H-1B Visa Important Information to know before Filing the H-1B
Question: I know that the doors for the H-1B Visas will open up on April 1, 2010. I’ve heard so much about the H-1B Visa Petition, but I just don’t know exactly what is the H-1B Visa. Can you let me know?
Answer: The H-1B category is limited to alien workers filling positions in “specialty occupations” for which the alien workers have the necessary education and credentials. A “specialty occupation” is defined as the theoretical and practical application of a body of highly specialized knowledge; and a minimum of a bachelor’s or higher degree in the specific specialty (or its equivalent) as a minimum for entry into the occupation in the United States. It is possible to get an H-1B Visa without an actual bachelor’s degree, but there must be an equivalent of a bachelor’s degree for the H-1B Visa through either work, experience and/or a combination of education and work.
Question: What are the major requirements for the H-1B Visa Petition?
Answer: Foreign Nationals seeking to perform services in an H-1B specialty occupation must show that they have the necessary qualifications to undertake the services required for that H-1B specialty occupation. At a minimum, the foreign national in a specialty occupation must document that he or she has full state licensure to practice in the occupation, if such licensure is required to practice. This licensure must be shown at the beginning of the petition or the submission of the H-1B Petition, not at a later point. The foreign national must also establish that he or she has completed the degree required as the minimum standard for entry into the occupation in the United States, or has experience in the specialty equivalent to the completion of such degree and recognition of expertise in the specialty through progressively responsible positions in the occupation.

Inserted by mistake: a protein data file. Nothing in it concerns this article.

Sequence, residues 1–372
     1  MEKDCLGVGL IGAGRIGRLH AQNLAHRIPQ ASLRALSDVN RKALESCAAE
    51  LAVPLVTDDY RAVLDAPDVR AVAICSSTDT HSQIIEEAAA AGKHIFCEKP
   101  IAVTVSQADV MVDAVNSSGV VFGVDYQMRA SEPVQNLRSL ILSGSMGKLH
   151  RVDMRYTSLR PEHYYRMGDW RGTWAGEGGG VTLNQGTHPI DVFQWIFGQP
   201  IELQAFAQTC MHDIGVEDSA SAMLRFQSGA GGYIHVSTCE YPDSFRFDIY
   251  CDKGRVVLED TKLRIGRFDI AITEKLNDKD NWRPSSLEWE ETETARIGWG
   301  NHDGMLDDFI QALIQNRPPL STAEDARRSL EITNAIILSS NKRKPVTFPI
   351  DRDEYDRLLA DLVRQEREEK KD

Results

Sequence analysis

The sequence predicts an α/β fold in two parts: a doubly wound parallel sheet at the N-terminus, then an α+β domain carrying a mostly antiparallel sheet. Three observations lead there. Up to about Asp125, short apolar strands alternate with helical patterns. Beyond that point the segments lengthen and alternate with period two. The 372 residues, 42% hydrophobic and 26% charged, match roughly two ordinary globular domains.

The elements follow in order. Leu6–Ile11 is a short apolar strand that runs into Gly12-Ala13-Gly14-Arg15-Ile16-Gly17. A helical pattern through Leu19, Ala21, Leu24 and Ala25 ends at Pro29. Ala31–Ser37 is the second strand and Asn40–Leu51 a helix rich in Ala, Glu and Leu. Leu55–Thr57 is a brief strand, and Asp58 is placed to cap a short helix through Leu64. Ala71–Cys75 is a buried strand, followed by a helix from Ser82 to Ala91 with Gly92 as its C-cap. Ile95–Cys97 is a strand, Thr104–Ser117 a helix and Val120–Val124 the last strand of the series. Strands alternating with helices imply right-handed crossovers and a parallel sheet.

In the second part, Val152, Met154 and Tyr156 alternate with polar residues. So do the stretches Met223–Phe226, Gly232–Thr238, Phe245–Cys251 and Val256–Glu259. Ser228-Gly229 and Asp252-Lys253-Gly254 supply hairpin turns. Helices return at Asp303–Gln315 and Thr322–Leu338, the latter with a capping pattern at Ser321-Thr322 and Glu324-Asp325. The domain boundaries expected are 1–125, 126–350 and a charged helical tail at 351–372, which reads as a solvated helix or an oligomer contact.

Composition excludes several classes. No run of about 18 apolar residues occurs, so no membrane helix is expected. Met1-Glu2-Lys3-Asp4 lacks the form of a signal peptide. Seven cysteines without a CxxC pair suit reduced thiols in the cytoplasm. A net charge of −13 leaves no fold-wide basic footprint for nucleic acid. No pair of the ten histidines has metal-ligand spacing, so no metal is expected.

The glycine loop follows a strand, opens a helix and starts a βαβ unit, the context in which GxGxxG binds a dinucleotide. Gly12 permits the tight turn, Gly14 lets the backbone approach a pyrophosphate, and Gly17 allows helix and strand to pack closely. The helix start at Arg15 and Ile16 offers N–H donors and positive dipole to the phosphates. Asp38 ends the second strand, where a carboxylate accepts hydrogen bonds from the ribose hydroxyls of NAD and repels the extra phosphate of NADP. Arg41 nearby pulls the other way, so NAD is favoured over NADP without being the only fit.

Question: Is there a limit on the number of H-1B visas available?
Answer: The 1990 Immigration and Nationality Act imposed an annual limit on the number of new admissions in the H-1B category. An H-1B number must be available at the time a new petition is adjudicated. Immigration will not approve an H-1B petition once the cap has been reached during a fiscal year if the petition has a date for commencement of employment that falls within that fiscal year. The Service counts petitions for initial H-1B employment in determining compliance with the annual cap. Petitions for sequential H-1B employment, concurrent H-1B employment, extensions of stay, and amended petitions are not counted against the cap.
The annual H-1B cap is set at 65,000. However, overall H-1B numbers are reduced by the U.S.-Chile and U.S.-Singapore Free Trade Agreements (FTAs), which set aside 6800 H-1B numbers for professionals from those two countries each fiscal year. In practical terms, therefore, just 58,200 H-1B numbers are available in the standard H-1B pool, though some unused FTA visas from a prior fiscal year may be recaptured and made available in the first six weeks of the following fiscal year. While the economy was in recession last year and the H-1B’s actually lasted much longer than in previous years, the H-1B Petition should be submitted as soon after April 1 as possible in case they are used up quickly.
Question: Should I hire an Immigration Attorney or an H-1B Immigration Attorney to help?
Answer: There are many different parts to a successful H-1B. It would be in your benefit to hire an Immigration Attorney who has done a lot of H-1B Visa Petitions and has a track record of success.